Pack your golf clubs when you retreat to The Westin Jekyll Island and play one of three 18-hole golf courses or the 9-hole Great Dunes course. The Jekyll Island Golf Club is located just 1.2 miles from the Westin or a short 3 minute drive, and available via hotel shuttle. The absence of any homes or development on Jekyll Island's courses offers a unique experience for today's golfer. Immerse yourself in nature, and focus on every shot with only an occasional disruption from deer, alligator, osprey or other wildlife.
See below for pricing and descriptions of Jekyll Island's beautiful courses.
Pine Lakes and Indian Mound share several attributes because of their side by side setting, with Pine Lakes being a little more modern in terms of its bunkers, and Indian Mound getting much of its challenge from undulating greens.
Due to the fact that golf course architect Joe Lee had a hand in both layouts, sand will be a serious factor. Fairway bunkers are generally a modest concern off the tee, with Clyde Johnston’s renovations on Pine Lakes making them more in play for the longer hitters. Lee mixes up his green side bunker pattern on both designs increasing the need for accurate approach shots.
Both courses are fairly open off the tee, with water not a serious factor on a majority of the holes. However, the tree lines on Pine Lakes are dense in spots and errant tee shots will not be treated kindly. At 6,700 yards from the back tees, Pine Lakes is the longest of the trio, but is by no means a lengthy course, at least not until you reach the 18th hole. Accurate tee shots on all of the holes are required to score well. Pine Lakes measures 6,300 yards from the white tees and is a nice fit for mid handicappers, with the 18th the only hole with any serious length. Part of Johnston’s renovations involved installing several kid-friendly tees, and families who play golf together will find few (if any) courses that can accommodate younger players better.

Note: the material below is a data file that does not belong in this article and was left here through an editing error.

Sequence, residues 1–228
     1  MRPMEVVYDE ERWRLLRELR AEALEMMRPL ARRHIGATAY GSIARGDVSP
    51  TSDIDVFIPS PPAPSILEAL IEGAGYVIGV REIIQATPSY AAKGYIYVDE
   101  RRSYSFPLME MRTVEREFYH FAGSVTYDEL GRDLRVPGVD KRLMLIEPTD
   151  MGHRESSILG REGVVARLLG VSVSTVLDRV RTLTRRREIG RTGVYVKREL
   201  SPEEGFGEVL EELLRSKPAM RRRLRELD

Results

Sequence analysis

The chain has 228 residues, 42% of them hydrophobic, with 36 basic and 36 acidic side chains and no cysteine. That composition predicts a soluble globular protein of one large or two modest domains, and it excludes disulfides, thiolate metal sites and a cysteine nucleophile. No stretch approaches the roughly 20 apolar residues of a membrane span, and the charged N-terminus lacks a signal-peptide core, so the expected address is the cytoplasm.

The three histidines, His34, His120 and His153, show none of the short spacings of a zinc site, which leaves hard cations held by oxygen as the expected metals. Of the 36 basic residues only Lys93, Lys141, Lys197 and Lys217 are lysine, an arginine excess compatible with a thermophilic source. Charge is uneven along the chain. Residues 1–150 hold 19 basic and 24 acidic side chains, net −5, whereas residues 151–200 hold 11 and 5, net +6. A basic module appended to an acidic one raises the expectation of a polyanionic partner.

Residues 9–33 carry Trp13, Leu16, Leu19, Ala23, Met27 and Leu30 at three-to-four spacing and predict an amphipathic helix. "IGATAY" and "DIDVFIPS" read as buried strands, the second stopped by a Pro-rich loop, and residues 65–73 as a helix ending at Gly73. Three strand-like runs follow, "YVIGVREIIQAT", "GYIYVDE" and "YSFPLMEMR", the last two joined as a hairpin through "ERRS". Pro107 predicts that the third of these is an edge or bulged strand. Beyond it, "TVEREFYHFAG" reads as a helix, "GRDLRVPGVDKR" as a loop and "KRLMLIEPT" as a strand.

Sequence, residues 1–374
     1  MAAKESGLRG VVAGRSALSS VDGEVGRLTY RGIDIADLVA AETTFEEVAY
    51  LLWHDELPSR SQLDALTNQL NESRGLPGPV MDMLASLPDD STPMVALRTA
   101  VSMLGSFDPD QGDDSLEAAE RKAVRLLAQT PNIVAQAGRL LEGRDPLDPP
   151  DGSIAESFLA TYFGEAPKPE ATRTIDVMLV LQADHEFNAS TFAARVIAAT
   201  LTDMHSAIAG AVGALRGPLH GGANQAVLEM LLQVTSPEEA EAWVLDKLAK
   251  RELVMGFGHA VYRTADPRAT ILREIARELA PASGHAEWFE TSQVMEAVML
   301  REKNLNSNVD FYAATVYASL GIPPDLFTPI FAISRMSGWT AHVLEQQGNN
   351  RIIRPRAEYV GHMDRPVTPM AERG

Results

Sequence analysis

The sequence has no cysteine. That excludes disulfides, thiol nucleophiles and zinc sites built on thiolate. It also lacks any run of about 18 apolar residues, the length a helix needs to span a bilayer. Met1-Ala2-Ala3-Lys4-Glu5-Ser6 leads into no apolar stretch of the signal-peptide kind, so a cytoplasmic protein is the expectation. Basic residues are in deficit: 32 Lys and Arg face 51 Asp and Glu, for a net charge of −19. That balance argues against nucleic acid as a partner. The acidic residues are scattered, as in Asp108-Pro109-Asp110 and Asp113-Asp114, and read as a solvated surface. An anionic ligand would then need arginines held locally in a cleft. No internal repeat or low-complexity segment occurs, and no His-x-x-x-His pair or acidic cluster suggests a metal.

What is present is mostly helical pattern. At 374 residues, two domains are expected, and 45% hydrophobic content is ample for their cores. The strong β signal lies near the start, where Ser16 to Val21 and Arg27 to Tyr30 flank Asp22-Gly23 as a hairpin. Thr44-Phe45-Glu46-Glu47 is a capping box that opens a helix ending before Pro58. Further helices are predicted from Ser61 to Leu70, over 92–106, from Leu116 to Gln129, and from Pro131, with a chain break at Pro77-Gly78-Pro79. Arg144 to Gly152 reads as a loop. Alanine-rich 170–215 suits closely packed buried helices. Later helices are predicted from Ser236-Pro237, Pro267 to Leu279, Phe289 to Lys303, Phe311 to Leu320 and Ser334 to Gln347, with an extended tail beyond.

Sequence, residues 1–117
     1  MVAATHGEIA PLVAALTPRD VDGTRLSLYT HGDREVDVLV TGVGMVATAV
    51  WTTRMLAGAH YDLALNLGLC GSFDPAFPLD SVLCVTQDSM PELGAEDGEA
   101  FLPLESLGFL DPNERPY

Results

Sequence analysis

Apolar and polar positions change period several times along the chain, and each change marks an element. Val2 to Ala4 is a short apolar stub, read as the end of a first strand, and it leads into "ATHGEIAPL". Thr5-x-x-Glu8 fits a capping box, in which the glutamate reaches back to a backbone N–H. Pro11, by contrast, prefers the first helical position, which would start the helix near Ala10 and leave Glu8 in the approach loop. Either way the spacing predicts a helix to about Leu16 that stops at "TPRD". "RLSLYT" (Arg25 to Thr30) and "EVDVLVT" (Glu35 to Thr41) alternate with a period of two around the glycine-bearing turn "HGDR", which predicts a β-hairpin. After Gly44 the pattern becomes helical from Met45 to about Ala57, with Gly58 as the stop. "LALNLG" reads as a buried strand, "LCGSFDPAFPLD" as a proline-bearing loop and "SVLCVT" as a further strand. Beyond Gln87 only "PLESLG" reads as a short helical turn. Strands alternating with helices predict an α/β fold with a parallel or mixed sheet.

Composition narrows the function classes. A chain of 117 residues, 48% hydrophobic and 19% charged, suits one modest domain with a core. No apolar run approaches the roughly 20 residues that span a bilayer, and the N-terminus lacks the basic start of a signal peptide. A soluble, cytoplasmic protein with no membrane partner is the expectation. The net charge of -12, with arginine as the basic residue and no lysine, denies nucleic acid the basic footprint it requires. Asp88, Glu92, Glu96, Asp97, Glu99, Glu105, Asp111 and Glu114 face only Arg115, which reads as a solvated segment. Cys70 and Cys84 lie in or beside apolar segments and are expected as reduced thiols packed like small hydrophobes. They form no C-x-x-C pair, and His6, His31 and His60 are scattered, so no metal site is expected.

Indian Mound is the shortest of the 18-hole trio at 6,469 from the back tees, but is comparable length-wise from the next set at 6,221. The par 5s are more difficult than the modest yardage might suggest and only one of the par 3s can be considered a soft touch, with the par 4s offering a number of scoring opportunities to those able to take advantage of short shots into the greens.
Oleander is the oldest and generally considered the most difficult of the three courses, serving as the host course for the four years that the Georgia Open was played on Jekyll. Designed by Dick Wilson, one of golf’s most respected architects, Oleander is the oldest and most distinctive of the three courses. With its tight tree lined fairways and the abundance of water in play, Oleander is the testiest of the three layouts. Oleander measures a modest 6,521 yards from the back tees and 6,177 from the whites, but if you don’t keep it in the fairway the yardage numbers are irrelevant. One of the few holes where length is a concern is the par-4 12th, one of several holes that are exposed to the breezes coming off the ocean, with water very much in play for golfers of all ability levels. From the fairway, Oleander is not a particularly difficult layout, but keeping it in the short grass is a real task in itself, with the ability to shape shots from the tee a handy skill to possess.
A stop in at the Great Dunes nine is not something to be missed. The course features several holes with some of the smallest greens you will ever encounter, one of the most unique par 5s in existence, and one of the most difficult par 3s without water you’ll ever play. Great Dunes represents what is left of Jekyll’s original layout from over 100 years ago and is a real treasure because of the glimpse it provides into a bygone era.